Nature-themed décor brings a sense of the outdoors indoors, allowing you to celebrate the sights, sounds and smells of the natural world in comfort. Once autumn comes around, the aim of nature-focused décor is optimal cosiness. In fact, bringing a little bit of nature indoors gives you an even more inviting space to hunker down and wrap up in.
We’ve put together this feature to get you inspired and thinking along the right lines. As well as covering the visual décor elements, we’ve also included plenty of advice about home fragrances – which will be key to getting the ‘hygge’ effect.
What’s hygge? It’s a Danish word that’s not just about a home look or style, it’s a whole feeling. A cosy, calming charm that is the perfect vibe for homes this season.
With our advice, you’ll create your very own sanctuary for the upcoming autumn season and the change that comes with it – the sharper weather, the starker landscapes and the shorter days. You’ll have somewhere you can hibernate and settle in for the long haul of winter.
The four main colours to incorporate in your autumn décor:
Although that’s common knowledge, it is important to remember why: because they’re the colours the leaves turn during the season – from green to yellow, then to orange, to red and finally to brown.
Of course, the balance you strike between these colours is totally up to you, and you can even omit one or two if you wish. Even though orange and red are arguably the most striking of the season’s colours, you’ll still achieve the autumn effect with the right shades of yellow and brown.
If you want to make big changes, a vintage leather chair in autumnal tones adds earthy contrast to your current seating arrangement in your living space. You may even want to go as far as repainting a feature wall in your favourite leafy autumn colours to add welcoming warmth to your home, but always balance it out with lighter neutral shades where possible.
Small changes can be just as effective, like adding orange blankets or pillows to a sofa to match the season and pairing them up with an autumnal fragrance. Don’t forget to mix patterns in these seasonal colours to add vibrancy to your home, for example you could have plaid curtains alongside flower patterned quilt covers in the same orange or red.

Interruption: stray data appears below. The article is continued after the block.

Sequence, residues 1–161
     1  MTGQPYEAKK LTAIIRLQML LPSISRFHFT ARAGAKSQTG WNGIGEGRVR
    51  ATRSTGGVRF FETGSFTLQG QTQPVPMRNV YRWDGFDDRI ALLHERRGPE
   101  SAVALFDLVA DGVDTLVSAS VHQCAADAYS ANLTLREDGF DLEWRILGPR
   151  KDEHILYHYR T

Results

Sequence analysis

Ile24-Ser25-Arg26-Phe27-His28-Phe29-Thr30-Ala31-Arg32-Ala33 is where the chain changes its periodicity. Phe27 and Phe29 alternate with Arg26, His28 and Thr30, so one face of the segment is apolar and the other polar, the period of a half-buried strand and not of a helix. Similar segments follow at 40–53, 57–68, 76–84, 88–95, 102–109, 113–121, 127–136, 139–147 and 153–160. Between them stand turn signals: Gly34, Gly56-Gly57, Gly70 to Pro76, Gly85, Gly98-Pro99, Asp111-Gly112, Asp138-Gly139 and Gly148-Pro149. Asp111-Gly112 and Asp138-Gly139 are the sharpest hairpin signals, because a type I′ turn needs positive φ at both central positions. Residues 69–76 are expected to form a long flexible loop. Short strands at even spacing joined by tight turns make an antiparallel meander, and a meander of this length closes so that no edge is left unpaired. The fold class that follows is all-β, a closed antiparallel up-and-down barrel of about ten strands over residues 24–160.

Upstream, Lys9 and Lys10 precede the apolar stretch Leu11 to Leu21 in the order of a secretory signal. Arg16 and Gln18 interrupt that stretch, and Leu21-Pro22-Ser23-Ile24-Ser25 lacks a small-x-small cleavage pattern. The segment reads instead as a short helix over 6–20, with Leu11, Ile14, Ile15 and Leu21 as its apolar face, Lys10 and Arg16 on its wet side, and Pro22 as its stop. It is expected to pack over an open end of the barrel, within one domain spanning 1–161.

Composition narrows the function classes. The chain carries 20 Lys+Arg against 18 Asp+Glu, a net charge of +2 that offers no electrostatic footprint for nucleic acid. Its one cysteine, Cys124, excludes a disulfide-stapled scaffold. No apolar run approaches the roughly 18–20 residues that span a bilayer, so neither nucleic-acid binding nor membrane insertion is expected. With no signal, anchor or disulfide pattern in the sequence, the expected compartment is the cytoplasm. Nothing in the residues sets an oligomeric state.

Why not go out into nature and bring home some autumnal flowers and fauna that you’ve hand-picked (or bought from a florist)? Show off these beautiful colours by arranging them in a clear glass jar to really let the seasonal tones speak for themselves.
The rustic look
For many, the rustic vibe is about ruggedness and taking things back to basics – certainly in relation to colour, but also in terms of materials and textures. Unpainted wood surfaces, rough finishes, asymmetry. There’s an undeniable beauty to it. You can pick up wooden pieces almost anywhere, and flea markets or vintage furniture shops are an ideal place to start. When you’re looking for these older pieces, remember the more unrefined and imperfect the better, as a bit of elbow grease and polish on bumps and scrapes can really show off the well-lived look you’re going for.
You’re going to want to accentuate these rustic features, so it’s best to paint some walls in neutral colours to really show them off. These lighter tones paired with earthier autumnal tones that we mentioned further up are an ideal way to bring cosiness indoors with a mix of colours.